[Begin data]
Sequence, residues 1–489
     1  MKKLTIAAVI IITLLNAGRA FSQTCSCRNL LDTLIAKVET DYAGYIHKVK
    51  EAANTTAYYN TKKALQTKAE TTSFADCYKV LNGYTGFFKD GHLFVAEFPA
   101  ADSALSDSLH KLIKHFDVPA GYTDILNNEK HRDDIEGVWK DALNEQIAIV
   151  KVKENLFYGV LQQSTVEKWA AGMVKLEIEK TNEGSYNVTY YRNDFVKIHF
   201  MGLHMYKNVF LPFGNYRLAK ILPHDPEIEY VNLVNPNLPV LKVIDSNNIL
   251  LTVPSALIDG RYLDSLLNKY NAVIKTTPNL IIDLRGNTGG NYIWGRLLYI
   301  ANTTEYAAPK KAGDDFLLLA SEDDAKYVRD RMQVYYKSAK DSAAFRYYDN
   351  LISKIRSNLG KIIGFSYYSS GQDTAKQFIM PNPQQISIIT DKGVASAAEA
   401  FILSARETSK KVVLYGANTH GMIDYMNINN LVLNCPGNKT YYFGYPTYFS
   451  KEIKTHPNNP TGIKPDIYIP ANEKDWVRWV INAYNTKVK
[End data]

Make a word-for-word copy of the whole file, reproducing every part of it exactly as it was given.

Sequence, residues 1–489
     1  MKKLTIAAVI IITLLNAGRA FSQTCSCRNL LDTLIAKVET DYAGYIHKVK
    51  EAANTTAYYN TKKALQTKAE TTSFADCYKV LNGYTGFFKD GHLFVAEFPA
   101  ADSALSDSLH KLIKHFDVPA GYTDILNNEK HRDDIEGVWK DALNEQIAIV
   151  KVKENLFYGV LQQSTVEKWA AGMVKLEIEK TNEGSYNVTY YRNDFVKIHF
   201  MGLHMYKNVF LPFGNYRLAK ILPHDPEIEY VNLVNPNLPV LKVIDSNNIL
   251  LTVPSALIDG RYLDSLLNKY NAVIKTTPNL IIDLRGNTGG NYIWGRLLYI
   301  ANTTEYAAPK KAGDDFLLLA SEDDAKYVRD RMQVYYKSAK DSAAFRYYDN
   351  LISKIRSNLG KIIGFSYYSS GQDTAKQFIM PNPQQISIIT DKGVASAAEA
   401  FILSARETSK KVVLYGANTH GMIDYMNINN LVLNCPGNKT YYFGYPTYFS
   451  KEIKTHPNNP TGIKPDIYIP ANEKDWVRWV INAYNTKVK